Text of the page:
All things considered, Jon Lester came away from a conversation with John Farrell feeling optimistic about the Boston Red Sox manager’s Stage 1 lymphoma diagnosis.
On Friday at Fenway Park, Farrell revealed that he will be taking a medical leave of absence and begin chemotherapy, responding to a “highly curable” condition detected this week during hernia surgery.
Farrell had been a huge influence on Lester, helping the lefty develop into one of the best big-game pitchers of his generation, someone the Cubs felt comfortable giving a six-year, $155 million megadeal last winter.
Lester beat cancer and earned two World Series rings with the Red Sox while Farrell worked as the pitching coach (2007) and manager (2013).
“I don’t really think you give John too much advice,” Lester said after Friday’s 6-5 win over the White Sox, surrounded by reporters inside U.S. Cellular Field’s visiting clubhouse. “He’s pretty strong-willed. I would imagine he’ll be fine. I’m sure it’s a little bit of a blow for his family. But I’m sure he’ll be fine through this whole process.”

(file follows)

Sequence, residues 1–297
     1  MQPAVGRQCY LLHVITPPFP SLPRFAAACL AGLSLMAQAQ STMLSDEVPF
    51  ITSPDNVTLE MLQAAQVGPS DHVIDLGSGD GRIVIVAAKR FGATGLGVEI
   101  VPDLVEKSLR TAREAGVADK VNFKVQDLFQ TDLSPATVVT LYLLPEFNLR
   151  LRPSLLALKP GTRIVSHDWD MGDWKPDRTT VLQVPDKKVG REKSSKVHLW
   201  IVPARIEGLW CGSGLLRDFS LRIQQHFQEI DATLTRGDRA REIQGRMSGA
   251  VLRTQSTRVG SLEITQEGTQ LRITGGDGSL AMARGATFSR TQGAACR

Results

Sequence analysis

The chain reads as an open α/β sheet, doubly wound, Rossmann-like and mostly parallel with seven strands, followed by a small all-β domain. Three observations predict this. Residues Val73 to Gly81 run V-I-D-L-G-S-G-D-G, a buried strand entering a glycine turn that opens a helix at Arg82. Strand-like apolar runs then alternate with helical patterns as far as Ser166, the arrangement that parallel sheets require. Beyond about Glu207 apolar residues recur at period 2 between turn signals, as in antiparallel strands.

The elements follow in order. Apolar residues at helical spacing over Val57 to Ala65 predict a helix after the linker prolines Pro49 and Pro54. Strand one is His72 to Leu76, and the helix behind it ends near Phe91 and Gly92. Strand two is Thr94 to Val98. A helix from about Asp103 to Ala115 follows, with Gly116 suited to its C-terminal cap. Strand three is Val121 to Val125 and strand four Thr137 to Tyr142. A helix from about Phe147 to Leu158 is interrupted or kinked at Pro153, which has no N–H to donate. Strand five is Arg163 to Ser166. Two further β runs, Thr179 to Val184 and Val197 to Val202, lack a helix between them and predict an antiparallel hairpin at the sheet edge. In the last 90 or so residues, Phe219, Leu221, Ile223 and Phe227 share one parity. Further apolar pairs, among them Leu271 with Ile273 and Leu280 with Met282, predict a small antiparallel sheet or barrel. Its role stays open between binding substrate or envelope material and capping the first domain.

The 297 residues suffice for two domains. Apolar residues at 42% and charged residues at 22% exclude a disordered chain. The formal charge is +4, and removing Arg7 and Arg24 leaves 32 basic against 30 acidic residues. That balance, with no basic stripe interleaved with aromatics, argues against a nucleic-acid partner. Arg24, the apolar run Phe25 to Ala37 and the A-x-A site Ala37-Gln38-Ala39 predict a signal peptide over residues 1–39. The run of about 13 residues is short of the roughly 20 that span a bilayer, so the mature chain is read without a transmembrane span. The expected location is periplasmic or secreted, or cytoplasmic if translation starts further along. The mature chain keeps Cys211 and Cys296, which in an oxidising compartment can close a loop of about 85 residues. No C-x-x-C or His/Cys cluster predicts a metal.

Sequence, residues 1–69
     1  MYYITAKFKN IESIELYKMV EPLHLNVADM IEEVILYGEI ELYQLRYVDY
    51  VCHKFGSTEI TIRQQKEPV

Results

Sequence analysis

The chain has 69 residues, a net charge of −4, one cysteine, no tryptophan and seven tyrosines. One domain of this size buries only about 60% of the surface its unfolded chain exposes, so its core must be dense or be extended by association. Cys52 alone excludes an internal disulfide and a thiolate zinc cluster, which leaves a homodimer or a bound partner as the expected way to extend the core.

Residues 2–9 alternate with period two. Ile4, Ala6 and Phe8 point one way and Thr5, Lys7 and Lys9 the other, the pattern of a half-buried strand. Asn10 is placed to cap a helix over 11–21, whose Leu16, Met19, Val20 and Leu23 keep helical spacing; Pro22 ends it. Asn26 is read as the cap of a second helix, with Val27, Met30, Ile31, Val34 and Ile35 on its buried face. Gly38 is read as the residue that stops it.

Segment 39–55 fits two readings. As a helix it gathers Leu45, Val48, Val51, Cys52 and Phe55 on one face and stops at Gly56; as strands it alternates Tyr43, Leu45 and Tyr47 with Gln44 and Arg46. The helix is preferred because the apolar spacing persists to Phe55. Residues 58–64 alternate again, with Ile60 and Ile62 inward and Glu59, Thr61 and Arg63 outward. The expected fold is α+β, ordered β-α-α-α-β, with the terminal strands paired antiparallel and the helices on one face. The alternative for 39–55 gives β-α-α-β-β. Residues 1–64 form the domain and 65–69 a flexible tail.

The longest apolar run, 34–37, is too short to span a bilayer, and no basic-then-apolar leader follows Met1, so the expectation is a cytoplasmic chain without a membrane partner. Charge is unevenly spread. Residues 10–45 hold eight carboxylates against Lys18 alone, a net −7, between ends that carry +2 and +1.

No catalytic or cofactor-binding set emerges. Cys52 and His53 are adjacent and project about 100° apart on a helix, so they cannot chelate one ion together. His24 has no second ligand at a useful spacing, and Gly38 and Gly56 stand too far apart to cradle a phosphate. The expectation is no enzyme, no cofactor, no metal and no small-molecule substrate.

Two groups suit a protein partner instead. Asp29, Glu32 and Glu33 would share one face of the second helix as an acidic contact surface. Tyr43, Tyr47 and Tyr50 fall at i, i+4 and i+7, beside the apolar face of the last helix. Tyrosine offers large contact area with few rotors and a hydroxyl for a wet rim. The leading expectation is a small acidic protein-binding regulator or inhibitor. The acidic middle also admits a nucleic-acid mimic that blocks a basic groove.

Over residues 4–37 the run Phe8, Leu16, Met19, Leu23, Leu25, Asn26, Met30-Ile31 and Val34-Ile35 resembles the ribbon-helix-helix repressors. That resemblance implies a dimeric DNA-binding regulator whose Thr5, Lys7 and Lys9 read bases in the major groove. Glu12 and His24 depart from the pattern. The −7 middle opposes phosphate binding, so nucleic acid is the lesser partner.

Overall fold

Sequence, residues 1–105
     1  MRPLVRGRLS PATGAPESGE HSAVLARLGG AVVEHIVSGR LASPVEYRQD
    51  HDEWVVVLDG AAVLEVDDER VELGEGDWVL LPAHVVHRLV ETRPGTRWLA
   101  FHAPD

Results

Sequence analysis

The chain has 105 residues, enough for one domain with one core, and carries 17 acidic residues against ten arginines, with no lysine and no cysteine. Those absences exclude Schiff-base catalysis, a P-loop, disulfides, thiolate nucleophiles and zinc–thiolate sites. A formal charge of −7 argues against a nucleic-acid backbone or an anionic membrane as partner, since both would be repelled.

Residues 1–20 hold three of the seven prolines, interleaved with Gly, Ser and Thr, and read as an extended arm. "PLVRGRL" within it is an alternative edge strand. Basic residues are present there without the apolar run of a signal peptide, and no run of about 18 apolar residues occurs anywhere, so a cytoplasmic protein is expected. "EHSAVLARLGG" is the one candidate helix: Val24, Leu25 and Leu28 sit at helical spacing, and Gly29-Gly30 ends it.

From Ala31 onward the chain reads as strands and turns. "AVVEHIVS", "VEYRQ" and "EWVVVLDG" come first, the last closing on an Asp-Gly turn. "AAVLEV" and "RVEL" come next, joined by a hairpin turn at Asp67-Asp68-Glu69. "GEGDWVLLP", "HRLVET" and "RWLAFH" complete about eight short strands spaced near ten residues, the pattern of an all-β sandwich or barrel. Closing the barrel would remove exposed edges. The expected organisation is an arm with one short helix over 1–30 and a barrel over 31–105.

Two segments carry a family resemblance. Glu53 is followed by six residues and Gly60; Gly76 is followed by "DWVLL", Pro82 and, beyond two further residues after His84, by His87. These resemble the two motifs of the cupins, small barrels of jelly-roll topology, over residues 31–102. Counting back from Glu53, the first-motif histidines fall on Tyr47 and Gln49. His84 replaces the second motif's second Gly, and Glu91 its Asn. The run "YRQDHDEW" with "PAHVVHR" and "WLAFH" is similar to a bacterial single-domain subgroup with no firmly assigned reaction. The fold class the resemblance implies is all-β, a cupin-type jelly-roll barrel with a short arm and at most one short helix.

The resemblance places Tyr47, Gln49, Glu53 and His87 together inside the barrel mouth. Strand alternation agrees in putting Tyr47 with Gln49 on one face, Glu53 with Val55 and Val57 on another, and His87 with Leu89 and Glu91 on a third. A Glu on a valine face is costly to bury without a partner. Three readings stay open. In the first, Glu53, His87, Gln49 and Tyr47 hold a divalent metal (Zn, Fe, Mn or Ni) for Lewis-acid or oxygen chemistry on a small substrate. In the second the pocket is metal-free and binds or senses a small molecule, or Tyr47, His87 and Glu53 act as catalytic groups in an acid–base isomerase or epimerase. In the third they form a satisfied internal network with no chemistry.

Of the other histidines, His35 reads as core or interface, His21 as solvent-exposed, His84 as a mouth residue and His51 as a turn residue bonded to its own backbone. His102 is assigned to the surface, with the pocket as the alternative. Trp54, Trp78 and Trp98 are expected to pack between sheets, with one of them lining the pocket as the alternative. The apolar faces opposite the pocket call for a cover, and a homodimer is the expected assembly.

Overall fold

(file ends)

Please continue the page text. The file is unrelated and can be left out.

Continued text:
One of Farrell’s three sons – Shane – works for the Cubs in the team’s amateur scouting department. Boston bench coach Torey Lovullo – a managerial candidate the Cubs had on their radar after the 2013 season – will manage the Red Sox for the rest of the season.
Lester received treatment at Massachusetts General Hospital while dealing with his own cancer scare, which cut short his 2006 season after an anaplastic large-cell lymphoma diagnosis that August. By October 2007, Lester beat the Colorado Rockies at Coors Field in the game that clinched a World Series title.
“He seems pretty positive,” Lester said. “It’s obviously one of the better places – if not the best place – in the country to be if you do have cancer. He’s in good hands. I know those doctors pretty well.”
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That experience helped shape the “Never Quit” message Lester keeps sending through the charitable foundation he’s aligned with now. Lester met with Anthony Rizzo when the future All-Star first baseman got diagnosed with Hodgkin’s lymphoma as a Red Sox prospect in 2008.
“I don’t think you can ever really prepare for a situation like that,” Lester said. “It’s just one of those things you have to ride out. You have to do what the doctors tell you to do.
“You just have to kind of grind through it.”